May 16, 2024.

Posted by Kris Madejski.

ChiChai is a multidisciplinary artist and educator from the San Francisco Bay Area. In her time at Fish Factory, she fabricated a fashion design and ceramics collection.
Through fashion design, ChiChai discusses Filipinx migration, the ongoing exportation of our bodies and labor, and our ability to create a sense of home wherever we go… even in this completely different type of island 10,500+ miles away.

The ceramics collection, Ofrendas Para Sa Bundok, is dedicated to mountains; the ones she’s cried to, prayed to, greeted good morning to and more. Each ofrenda has a bul-ul, a carved figure used to protect the land and harvests. The bul-ul for the Icelandic fjord holds a fish as an offering, the Ifugao bul-ul offers strands of rice grass, and the Punalu’u bul-ul carries a lei of kukui.

ChiChai’s “Kaya Ko Rin” from her 2024 series “Saan Ka Galing” is a poignant exploration of Filipino cultural heritage and craftsmanship, created during her time at the Fish Factory artist residency in Iceland. This Filipiniana is not only an embodiment of traditional forms but also a canvas for innovative ecological and cultural narratives.

The garment’s design intentionally foregoes stabilizers in the sleeves to mirror the traditional attire worn by the working class, offering an authentic feel and historical connection. The straps, inspired by the aerial roots of the monstera, symbolize the deep connections of the Filipino people to their native landscapes and the resilience required to thrive in disparate environments.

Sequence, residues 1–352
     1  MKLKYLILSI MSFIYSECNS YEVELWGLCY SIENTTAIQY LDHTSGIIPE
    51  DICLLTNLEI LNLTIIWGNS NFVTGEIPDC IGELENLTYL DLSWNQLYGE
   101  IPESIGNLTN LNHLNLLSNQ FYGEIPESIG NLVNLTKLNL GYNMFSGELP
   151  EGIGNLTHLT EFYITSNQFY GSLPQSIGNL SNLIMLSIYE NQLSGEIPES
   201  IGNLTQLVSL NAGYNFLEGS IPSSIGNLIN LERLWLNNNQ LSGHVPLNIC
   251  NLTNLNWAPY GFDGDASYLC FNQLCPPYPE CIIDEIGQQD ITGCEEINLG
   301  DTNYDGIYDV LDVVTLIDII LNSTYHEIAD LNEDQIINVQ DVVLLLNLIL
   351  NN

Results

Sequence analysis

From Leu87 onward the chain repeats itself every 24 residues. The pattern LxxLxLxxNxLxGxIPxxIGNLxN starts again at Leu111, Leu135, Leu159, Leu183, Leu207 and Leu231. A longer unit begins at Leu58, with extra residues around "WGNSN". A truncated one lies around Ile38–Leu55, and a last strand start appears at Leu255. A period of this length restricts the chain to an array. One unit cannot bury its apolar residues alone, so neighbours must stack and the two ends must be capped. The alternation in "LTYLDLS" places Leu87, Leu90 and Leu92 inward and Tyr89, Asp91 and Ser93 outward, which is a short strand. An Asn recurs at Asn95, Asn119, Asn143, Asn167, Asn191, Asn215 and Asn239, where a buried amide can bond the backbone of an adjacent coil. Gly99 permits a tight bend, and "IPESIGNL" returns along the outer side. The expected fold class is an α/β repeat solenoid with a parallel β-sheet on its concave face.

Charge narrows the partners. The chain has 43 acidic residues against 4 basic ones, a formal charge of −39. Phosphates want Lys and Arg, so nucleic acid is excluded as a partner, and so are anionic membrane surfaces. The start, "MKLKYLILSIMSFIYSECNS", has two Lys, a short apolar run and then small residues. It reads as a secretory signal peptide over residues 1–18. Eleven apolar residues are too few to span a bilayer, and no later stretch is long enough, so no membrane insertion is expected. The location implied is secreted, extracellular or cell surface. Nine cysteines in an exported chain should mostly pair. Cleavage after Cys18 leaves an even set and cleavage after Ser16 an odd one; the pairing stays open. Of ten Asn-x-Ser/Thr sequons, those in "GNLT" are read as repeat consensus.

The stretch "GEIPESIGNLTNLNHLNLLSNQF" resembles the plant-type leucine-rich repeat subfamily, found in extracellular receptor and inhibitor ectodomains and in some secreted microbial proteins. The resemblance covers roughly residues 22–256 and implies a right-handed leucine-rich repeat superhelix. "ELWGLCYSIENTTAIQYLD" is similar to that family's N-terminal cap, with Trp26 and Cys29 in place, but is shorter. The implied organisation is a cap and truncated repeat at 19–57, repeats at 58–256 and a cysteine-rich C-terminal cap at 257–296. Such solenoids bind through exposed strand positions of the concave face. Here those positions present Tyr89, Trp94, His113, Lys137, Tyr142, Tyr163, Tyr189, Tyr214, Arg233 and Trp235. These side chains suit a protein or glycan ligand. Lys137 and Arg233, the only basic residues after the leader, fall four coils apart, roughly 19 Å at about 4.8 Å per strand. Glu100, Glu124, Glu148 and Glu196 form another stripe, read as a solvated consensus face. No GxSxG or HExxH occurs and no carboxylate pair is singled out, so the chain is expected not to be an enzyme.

Adding to the residency’s unique influence, ChiChai also crafted a fishing-inspired vest and a tulip hat, utilizing a coffee bean bag and fabric scraps. Through these creations, ChiChai not only revisits the themes of identity and resilience found in Filipino culture but also illustrates the innovative spirit of sustainability and adaptation in art.

“The Philippines biggest export is… ourselves. Our skills, our labor, our creativity… our entire beings. The economic system forces Filipinx to look for a “better life” outside the archipelago while colonial thought engrains promises in the American/Western dream. Each time I looked up at this monstera in awe of our shared brethren ties to the tropics I thought of how amazing the Filipinx people are in our ability to adjust — thrive even– in these completely different environments. I’m also reminded that what brought me to Iceland was my own pursuit, my own privilege. I initially felt guilt in that comparison of purposes but this privilege to move freely by choice and not by economic or colonial forces is something I want for all of us. All of us, too, deserve to see the world for the joy of it. I dedicate this filipiniana to the diaspora whose roots are worn on the sleeve and are ready to stabilize and breathe in anew while deeply holding onto where we are truly rooted to.”